6. I've had to start letting go of friendships that have become unbalanced where I've provided large amounts of sympathy to friends with children who have problems only to get no support when I have a problem or made to feel my problems aren't as significant. Over it. Fortunately most of my mum friends aren't in that realm, just one or two. I also think you have to teach people how to treat you. We have to stop feeling we are less and know we are as valuable as anyone with children. Once you feel that and project that people will treat you better.

  7. Hi Loribeth, you outline the concept of emotional labour so clearly here, and have given me lots to think about - thank you! Catherine

  8. So true. I often get the impression that my time is considered less valuable than parents. At work but even among my friends at times. As the childfree person in the group I am expected to always be flexible and meet when it suits them and at a child friendly venue.

  9. Extremely excellent post!!! I learned of the term "emotional labor" several months ago and it really resonated with me. In fact, I used it in a reply to a comment on my blog very recently. Hearing of this concept and understanding it has really been a game changer for me. I am now concentrating on doing my own work and not doing other people's work for them.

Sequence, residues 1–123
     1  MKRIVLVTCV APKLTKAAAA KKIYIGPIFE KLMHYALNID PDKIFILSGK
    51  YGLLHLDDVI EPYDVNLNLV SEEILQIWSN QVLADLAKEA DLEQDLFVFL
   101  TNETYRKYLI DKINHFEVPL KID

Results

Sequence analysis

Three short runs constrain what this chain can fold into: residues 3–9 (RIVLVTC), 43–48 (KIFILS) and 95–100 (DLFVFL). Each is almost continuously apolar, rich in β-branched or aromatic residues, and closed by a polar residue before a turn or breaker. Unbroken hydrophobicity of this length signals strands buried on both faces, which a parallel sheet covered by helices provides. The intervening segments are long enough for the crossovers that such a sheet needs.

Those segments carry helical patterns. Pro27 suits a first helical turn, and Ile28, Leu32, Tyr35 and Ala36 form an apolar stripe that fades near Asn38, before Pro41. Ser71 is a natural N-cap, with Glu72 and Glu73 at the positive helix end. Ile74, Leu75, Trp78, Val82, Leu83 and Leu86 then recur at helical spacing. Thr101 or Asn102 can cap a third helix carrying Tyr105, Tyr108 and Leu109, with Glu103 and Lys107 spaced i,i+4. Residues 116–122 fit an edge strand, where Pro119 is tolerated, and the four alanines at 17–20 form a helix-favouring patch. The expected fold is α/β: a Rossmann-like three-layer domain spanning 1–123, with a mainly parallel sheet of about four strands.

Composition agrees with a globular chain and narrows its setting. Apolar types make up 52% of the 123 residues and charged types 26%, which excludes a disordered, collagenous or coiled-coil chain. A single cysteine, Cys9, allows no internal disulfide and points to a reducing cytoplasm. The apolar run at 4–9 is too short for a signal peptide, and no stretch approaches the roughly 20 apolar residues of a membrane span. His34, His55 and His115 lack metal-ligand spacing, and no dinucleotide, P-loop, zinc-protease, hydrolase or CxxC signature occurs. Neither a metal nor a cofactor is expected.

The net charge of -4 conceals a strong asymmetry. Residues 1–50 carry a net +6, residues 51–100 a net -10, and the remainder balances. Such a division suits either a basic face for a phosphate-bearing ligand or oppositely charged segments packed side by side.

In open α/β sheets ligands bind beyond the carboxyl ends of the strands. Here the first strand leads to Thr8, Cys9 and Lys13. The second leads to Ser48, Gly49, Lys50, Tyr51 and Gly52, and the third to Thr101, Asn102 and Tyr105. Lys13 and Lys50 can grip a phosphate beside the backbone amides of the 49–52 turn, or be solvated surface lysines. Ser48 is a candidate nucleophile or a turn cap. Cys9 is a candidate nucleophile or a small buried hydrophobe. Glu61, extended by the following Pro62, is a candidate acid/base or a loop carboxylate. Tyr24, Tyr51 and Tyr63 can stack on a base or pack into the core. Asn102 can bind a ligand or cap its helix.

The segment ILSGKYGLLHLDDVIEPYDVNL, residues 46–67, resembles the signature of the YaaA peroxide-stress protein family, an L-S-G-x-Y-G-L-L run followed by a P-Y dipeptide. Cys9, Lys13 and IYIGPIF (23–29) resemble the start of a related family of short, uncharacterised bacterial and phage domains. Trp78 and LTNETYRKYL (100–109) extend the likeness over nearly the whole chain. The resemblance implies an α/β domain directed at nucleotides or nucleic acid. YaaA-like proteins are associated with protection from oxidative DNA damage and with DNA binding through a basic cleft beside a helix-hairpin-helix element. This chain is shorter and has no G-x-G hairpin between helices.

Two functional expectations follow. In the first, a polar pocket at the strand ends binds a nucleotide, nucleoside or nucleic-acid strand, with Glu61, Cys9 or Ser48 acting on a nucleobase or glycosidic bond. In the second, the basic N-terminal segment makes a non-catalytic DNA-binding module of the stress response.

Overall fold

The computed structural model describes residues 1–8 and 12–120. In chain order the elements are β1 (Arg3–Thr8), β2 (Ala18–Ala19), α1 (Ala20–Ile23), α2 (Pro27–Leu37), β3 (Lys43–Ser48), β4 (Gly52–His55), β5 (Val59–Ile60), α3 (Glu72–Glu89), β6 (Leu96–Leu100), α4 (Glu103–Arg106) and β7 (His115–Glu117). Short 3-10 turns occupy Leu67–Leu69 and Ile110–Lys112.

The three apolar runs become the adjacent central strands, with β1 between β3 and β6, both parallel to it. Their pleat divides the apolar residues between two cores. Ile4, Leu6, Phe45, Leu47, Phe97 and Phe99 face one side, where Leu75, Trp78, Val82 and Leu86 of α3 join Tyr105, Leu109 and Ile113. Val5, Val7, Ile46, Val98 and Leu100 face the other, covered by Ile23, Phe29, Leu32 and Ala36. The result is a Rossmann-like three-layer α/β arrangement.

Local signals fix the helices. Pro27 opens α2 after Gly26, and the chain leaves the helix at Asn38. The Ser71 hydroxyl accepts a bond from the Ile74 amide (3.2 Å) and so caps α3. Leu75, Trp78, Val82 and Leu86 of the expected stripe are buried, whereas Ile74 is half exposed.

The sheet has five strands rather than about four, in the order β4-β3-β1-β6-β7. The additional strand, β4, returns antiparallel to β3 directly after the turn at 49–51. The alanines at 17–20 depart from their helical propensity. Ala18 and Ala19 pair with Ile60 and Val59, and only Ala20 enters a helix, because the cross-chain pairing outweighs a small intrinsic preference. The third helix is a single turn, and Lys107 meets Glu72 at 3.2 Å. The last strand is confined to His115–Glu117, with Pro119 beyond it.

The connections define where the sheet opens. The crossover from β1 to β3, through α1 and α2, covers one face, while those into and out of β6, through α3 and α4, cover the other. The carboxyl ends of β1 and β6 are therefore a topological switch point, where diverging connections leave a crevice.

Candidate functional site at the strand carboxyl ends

10. I read this as I was once again sending off birthday presents to nieces overseas. I tend to stop when the niece/nephew or child of friends leaves home, so 18 (years) x 13 (children) x 2 (birthdays and Christmas) = A LOT! Putting the financial efforts (purchases, international postage) aside, the emotional labour is significant, and not returned.
    And yes, this all contradicts the myth of the "free and easy childless women/couples."
    Great post!

    1. I don't begrudge the money, really -- and I've always had fun shopping for the perfect gifts for my nephews & other kids -- even after it became clear that I would not be having any children of my own for people to shop for. (Although I have sometimes resorted to just sending money or a gift card when it was too hard to face all the cute things for kids.) But it's not always reciprocated -- or even acknowledged with a thank you note sometimes. It's hard to always be the one doing the giving. :(